Imagine there are two transit services in an area, a low quality system (L) that is pervasive (everyone is within 400 m of a low quality stop) and a high quality system (H) that is skeletal (only a small fraction are within 400 m of a high quality stop).
Imagine there are two classes of potential users, poor people (P) who will use either system, and rich people (R) who will use only the H routes.
Poor people perceive the system as larger (both L and H) and get more network externalities from the system. They can go anywhere in town on transit. Rich people see a small system, and perceive few network externalities. They can only go places on the H system.
As a consequence, poor people are more likely to use the system than rich people.
There are several solutions to this problem. The expensive solution is to build high quality services everywhere to attract the fraction of R that would not otherwise take transit. The less expensive solution is to change the perception (and reality) of the low quality system so it appears higher quality. Give it as many of the same features of H as possible, starting with information (e.g. what bus stops at the bus stop, when does it stop, what hours does it operate, where does it go, what does the local neighborhood look like, is the bus ontime, how much does it cost) and navigability.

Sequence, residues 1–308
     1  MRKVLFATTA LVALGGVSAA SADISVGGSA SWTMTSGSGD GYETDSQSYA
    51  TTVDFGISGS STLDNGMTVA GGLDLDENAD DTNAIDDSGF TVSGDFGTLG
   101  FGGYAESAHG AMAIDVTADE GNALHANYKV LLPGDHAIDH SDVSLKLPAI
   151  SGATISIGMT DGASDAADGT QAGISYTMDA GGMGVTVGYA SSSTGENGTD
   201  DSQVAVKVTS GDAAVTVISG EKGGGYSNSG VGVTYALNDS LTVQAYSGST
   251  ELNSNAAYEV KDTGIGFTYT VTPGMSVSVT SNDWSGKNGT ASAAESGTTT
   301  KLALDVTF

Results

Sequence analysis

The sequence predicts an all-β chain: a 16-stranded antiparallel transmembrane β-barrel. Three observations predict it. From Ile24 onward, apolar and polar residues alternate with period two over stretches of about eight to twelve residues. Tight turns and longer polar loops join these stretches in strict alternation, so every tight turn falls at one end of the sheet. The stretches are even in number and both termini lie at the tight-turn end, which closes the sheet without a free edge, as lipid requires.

Why do we never consider the less expensive solution?